Stocks closed a dismal first quarter with a moderate gain Monday, rising after a reading on regional manufacturing came in better than expected and as investors examined details of a government plan to overhaul the way Wall Street is regulated.
Even though the market posted gains on the last day of the first quarter, it had its worst quarterly performance in 5½ years with the U.S. economy showing signs of tipping into recession as the worsening credit crisis claimed ever-larger victims.
After a steady diet of dismal economic news, a key barometer of manufacturing growth offered a glimmer of hope. The Chicago Purchasing Managers Index, considered a precursor to the Institute for Supply Management manufacturing survey on Tuesday, rose to 48.2 in March from 44.5 a month earlier.
Economists had been expecting a reading of 47.3, according to Dow Jones Newswires. Though the reading topped forecasts, a figure below 50 nonetheless indicates a contraction in manufacturing activity.
The market's reaction, however, was likely not as enthusiastic as it might seem from gains by the major indexes. Volume was very light, which tends to skew price movements, and the final day of the quarter had some institutions buying more for show rather than on any conviction about the economy.
Investors also examined a government plan to overhaul the way Wall Street is regulated. Wall Street appeared unmoved by a speech from Treasury Secretary Henry Paulson on the plan to reorganize oversight of Wall Street; details of the 218-page plan have been widely reported in recent days. It would give the Federal Reserve increased power to protect the stability of the entire financial system while merging day-to-day supervision of banks into one agency, down from five under the existing system.
Scott Wren, senior equity strategist for A.G. Edwards & Sons, said Monday's trading showed investors were generally awaiting economic data due this week on the manufacturing and service sectors as well as employment. Investors are prepared for weak economic data, he said, but could become unnerved if there is unwelcome corporate news.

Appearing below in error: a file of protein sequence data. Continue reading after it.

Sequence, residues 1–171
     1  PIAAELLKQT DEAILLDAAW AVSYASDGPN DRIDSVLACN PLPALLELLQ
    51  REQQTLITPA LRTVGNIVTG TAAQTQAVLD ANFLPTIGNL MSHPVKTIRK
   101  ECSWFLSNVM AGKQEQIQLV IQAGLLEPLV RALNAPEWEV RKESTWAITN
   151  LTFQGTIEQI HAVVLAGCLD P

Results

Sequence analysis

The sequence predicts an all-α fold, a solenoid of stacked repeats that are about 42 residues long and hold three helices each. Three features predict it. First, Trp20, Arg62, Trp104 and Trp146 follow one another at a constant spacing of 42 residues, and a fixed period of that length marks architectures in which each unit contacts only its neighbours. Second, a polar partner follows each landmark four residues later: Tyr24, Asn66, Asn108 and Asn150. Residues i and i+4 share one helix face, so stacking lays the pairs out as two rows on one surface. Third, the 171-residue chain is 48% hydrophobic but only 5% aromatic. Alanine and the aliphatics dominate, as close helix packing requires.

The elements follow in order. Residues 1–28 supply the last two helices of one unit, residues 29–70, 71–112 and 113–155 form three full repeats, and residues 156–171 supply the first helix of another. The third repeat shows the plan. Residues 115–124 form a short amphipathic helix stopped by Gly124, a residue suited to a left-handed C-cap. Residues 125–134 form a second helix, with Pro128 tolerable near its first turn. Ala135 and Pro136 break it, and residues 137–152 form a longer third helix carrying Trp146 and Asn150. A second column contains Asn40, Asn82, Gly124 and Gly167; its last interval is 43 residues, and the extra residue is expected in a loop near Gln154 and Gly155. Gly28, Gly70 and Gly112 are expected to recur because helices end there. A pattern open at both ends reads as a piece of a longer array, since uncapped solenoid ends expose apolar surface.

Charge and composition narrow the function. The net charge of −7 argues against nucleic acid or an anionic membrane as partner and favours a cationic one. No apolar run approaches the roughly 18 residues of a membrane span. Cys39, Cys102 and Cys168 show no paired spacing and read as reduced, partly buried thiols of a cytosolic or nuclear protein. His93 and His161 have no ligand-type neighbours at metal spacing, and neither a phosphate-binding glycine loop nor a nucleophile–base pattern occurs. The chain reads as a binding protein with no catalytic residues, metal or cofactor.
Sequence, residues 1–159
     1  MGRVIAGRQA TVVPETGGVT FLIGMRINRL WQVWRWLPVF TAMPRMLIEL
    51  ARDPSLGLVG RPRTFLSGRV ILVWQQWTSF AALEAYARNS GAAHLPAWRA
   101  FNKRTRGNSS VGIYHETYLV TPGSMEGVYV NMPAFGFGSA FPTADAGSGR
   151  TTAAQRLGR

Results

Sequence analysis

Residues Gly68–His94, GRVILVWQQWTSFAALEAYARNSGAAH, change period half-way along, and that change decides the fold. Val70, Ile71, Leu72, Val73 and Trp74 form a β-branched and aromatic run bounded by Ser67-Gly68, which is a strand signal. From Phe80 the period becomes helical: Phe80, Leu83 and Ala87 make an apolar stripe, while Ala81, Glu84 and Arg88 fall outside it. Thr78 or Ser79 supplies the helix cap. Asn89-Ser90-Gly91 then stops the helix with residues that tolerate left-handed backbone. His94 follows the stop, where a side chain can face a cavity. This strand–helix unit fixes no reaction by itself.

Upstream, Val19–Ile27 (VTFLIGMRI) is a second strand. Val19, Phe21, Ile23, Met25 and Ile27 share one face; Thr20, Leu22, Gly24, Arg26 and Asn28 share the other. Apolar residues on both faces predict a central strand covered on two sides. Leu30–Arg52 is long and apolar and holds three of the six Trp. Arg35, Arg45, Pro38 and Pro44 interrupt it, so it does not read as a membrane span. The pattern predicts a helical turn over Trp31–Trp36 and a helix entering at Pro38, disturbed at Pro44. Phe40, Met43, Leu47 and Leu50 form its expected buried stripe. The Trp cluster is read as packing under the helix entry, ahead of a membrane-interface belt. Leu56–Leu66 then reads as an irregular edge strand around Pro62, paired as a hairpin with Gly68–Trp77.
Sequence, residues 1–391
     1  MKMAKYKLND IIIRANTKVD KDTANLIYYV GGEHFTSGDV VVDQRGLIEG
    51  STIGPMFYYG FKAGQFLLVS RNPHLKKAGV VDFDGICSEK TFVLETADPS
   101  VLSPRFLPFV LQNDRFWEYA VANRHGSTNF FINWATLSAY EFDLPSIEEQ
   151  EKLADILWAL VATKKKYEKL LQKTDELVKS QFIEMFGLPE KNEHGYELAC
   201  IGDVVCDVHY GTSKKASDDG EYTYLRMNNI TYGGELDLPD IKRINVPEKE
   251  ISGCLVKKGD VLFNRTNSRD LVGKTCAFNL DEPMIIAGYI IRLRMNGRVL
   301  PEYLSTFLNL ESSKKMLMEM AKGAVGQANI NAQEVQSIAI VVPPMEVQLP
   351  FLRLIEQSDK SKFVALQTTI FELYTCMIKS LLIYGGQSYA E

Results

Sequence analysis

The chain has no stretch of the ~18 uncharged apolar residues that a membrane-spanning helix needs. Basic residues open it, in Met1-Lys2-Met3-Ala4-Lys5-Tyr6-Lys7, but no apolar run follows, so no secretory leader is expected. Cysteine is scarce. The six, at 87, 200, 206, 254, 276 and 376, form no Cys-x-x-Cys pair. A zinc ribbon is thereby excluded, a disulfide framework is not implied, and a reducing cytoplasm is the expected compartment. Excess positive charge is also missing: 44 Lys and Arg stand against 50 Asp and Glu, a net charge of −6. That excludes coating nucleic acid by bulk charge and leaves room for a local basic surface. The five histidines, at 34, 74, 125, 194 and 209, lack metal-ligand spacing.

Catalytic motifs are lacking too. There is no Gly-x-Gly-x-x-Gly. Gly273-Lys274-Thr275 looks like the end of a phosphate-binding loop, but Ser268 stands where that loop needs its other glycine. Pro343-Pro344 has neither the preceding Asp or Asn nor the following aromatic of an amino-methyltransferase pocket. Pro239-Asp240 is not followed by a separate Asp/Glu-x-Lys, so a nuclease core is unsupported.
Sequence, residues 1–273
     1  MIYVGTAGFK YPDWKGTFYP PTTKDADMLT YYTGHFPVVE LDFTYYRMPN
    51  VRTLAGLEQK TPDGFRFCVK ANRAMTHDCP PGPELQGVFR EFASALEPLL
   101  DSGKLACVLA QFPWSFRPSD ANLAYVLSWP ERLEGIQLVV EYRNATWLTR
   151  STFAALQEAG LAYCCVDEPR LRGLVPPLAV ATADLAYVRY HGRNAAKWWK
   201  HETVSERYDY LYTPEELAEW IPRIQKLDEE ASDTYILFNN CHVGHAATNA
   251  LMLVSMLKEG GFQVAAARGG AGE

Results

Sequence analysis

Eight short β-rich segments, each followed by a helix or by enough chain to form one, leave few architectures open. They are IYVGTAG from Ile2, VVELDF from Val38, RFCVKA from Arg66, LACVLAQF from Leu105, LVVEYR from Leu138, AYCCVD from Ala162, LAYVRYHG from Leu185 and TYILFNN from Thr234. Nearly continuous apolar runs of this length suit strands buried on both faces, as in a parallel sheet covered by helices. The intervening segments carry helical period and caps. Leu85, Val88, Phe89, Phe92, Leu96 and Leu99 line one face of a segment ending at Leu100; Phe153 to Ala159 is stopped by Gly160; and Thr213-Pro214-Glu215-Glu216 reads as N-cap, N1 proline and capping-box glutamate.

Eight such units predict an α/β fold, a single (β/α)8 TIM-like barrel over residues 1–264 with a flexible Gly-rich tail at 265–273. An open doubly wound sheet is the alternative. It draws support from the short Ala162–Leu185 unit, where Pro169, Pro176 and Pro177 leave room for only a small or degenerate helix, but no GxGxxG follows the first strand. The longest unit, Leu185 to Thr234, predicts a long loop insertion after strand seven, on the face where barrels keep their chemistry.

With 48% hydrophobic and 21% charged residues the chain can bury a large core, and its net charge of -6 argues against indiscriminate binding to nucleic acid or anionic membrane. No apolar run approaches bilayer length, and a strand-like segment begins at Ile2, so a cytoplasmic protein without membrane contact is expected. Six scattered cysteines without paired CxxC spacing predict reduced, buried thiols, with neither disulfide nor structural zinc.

"The market is already pricing in a ton of bad economic news. Bad economic news is not going to drive the market. What's going to drive the market is headline news," he said.
The Dow Jones industrial average rose 46.49, or 0.38%, to 12,262.89.
Broader stock indicators also rose. The Standard & Poor's 500 index advanced 7.48, or 0.57%, to 1,322.70, and the Nasdaq composite index rose 17.92, or 0.79%, to 2,279.10.
The S&P 500 posted its fifth straight month of losses, the longest monthly losing streak for the index since 1990, while the Nasdaq snapped a four-month losing run. The Dow also marked five months of losses, its longest losing streak in 5½ years.
For the first quarter, the Dow fell 7.6 %, the S&P 500 was down 9.9% and the Nasdaq lost 14.1%.
For all three benchmarks, it was the worst quarterly performance since the third quarter of 2002.
The dollar rose Monday against several other major currencies, easing pressure on commodities such as oil and gold. Light, sweet crude fell $4.04 to settle at $101.58 on the New York Mercantile Exchange, while gold fell $14.40 to finish at $916.20 an ounce on the Nymex.
Bond prices rose. The yield on the benchmark 10-year Treasury note, which moves opposite its price, fell to 3.41% from 3.45% late Friday.
Merck fell $6.56, or 15%, to $37.95 and Schering-Plough declined $5.06, or 26%, to $15.41 after medical researchers said the companies' joint anti-cholesterol drug, Vytorin, failed to improve heart disease. The researchers' findings, published by the New England Journal of Medicine, urged a return to more established treatments for cholesterol. Merck is one of the 30 stocks that comprise the Dow industrials and, as a result, dragged on the blue chips.
Citigroup rose 59 cents, or 2.8%, to $21.42 after announcing plans to split its consumer banking unit from its credit card business as part of a broader reorganization to cut costs and simplify the large financial institution's structure. The company suffered billions of dollars in losses from investments in poor-quality mortgages.
The Russell 2000 index of smaller companies rose 4.79, or 0.70%, to 687.97.
Overseas, Japan's Nikkei stock average fell 2.30%. Britain's FTSE 100 closed up 0.16%, Germany's DAX index fell 0.28%, and France's CAC-40 rose 0.24%.